He was an 18-year-old from the mean s' />

Frank-Paul Nuuausala remembers it well. It was the end of 2005 and he was called into Ivan Cleary's office.

He was an 18-year-old from the mean streets of Mangere and Otara but had been on the Warriors books since he was 14. He had often been described as the next Ali Lauitiiti so a life as a successful first-grader, he assumed, was certain.

Cleary didn't think so. He was taking over as Warriors coach in 2006 and he needed to make some decisions. This one wasn't difficult.

"I remember Ivan took me in the room and said I was never going to make it because I didn't know what hard work was," Nuuausala says.

"'You have all the talent in the world but you don't know what hard work is'. That has stuck in my head ever since I left the Warriors. That's part of my motivation. I need to thank Ivan for it. It opened my eyes.

"I was going to give up footy [after that]. I was hanging around people ... I don't like talking about it. I was probably going to be a bum. Start drugs. Drift away.

"I grew up in a rough neighbourhood. I took things for granted and thought I was going to stroll in and become a first-grader without having to work hard."

Nuuausala weighed 109kg when he was on the cusp of the Warriors' first-grade squad but it ballooned out to an unmanageable 120kg by the end of 2005. Something had to give, and it wasn't the Warriors.

It has been a remarkable transition for Nuuausala. Now 22, he's trimmed down to 105kg and has just come off a season where he played all 24 games for the Roosters.

By the end, he was commanding a starting place and it helped convince the Kiwis selectors he was worthy of a spot in their 23-man squad for the upcoming Four Nations. He will do well to oust any one of Fuifui Moimoi, Adam Blair and Jeff Lima from the propping rotation but that's the goal.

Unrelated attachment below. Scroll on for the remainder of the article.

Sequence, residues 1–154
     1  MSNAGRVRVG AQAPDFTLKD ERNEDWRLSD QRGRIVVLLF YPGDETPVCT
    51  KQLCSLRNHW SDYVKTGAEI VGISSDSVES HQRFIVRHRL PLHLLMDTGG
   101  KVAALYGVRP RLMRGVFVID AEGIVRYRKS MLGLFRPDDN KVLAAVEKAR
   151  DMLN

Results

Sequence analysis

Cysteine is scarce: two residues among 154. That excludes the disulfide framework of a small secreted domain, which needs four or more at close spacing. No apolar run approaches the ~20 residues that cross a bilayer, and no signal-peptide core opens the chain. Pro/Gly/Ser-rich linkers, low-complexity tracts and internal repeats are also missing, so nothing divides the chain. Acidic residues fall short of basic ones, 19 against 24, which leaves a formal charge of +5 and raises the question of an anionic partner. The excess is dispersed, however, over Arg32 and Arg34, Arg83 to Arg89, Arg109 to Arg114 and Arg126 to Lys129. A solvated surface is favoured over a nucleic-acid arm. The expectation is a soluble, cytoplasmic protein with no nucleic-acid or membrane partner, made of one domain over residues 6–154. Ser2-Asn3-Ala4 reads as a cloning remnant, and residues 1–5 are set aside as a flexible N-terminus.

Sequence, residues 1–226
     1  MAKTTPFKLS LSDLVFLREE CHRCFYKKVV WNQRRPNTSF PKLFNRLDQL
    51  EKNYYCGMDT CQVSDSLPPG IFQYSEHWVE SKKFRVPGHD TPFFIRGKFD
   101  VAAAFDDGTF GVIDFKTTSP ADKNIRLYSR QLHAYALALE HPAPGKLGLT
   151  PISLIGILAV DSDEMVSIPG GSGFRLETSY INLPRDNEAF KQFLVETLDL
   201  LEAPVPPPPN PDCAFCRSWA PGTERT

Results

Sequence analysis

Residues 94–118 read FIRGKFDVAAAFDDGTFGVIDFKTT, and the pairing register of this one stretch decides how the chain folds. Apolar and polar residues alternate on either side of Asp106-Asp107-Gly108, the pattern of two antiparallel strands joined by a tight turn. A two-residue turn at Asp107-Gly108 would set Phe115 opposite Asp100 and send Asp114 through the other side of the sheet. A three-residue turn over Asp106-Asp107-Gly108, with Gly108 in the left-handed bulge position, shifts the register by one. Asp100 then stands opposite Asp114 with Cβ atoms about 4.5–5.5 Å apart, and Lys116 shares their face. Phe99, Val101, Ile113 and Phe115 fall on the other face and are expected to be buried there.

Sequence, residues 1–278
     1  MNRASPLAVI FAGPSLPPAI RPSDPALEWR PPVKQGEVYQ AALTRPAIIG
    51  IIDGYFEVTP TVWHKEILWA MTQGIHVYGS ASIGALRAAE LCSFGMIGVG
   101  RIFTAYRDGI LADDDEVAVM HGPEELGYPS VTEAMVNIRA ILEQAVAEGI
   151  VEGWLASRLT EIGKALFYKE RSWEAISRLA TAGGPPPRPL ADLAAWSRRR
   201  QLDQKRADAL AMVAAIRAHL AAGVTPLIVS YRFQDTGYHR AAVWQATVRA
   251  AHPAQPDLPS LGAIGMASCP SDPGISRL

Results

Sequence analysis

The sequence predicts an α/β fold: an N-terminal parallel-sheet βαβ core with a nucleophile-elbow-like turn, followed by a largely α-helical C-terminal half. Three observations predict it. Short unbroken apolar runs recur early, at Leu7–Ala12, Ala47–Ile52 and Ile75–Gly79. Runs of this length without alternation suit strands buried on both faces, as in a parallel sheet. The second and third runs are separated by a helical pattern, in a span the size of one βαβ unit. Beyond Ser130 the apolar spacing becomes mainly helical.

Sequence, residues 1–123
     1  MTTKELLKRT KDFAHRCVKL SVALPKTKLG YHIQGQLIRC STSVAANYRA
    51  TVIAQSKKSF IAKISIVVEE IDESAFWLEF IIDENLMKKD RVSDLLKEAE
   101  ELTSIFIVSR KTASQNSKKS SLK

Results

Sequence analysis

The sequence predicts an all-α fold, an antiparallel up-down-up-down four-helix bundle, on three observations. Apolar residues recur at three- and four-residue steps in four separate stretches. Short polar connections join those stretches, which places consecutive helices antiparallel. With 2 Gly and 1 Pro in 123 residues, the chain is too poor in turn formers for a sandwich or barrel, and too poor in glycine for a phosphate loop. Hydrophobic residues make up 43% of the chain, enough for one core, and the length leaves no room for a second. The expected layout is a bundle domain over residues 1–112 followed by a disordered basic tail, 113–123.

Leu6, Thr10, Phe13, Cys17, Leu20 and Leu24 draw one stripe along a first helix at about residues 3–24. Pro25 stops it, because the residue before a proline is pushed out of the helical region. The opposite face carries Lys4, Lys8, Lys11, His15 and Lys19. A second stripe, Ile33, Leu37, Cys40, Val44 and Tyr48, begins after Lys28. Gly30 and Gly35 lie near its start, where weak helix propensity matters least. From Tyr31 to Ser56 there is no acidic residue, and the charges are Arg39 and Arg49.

"I never thought I would make the Kiwis," he says. "This year I just wanted to play first grade every week and make the starting team."

It was the guidance of veteran second-rower Craig Fitzgibbon that made that possible.

Even after Cleary's brutal assessment, Nuuausala did little to turn things around. He went back to high school before Ricky Stuart signed him to the Roosters.

Even then he meandered along in the under-20s and premier league. He was homesick but used this as an excuse.

"I just cruised through again," he says. "I was in the comfort zone. I thought I had already made it. That was until the last two years and I realised how Fitzy works. I saw how he trains, how he eats and how professional he is.

I just needed someone to steer me in the right direction.

"He really helped me along. He put me under his wing and I have really knuckled down. I call him like my older brother. He's my inspiration. I have a lot to thank him for."

Perhaps the biggest advice came in the kitchen. Fitzgibbon advised him on how to eat properly and would often turn up at training with a new recipe for Nuuausala to try.

His favourite, he says, was chicken breast wrapped in prosciutto stuffed with spinach and feta. It was quite different to the island food - "mum's cooking" - he had been used to.

"At training, Fitzy would say, 'Frankie, you need to try this [recipe]'. I would try it and text him to tell him if it was good or bad. '

The 32-year-old Fitzgibbon is joining Hull FC next year and won't be around to hold Nuuausala's hand.

The apprentice still has the potential for his weight to become an issue again but he would do well to remember what it felt like to carry a few extra kilos and be beaten in pre-season training runs by middle-aged club staff.

"I am my own man now," Nuuausala says confidently. "Fitzy taught me everything I need to know. It will be harder with him gone but I can still talk to him.

"I reckon Australia was the best thing for me. To get away fromit all."

Cleary would probably agree.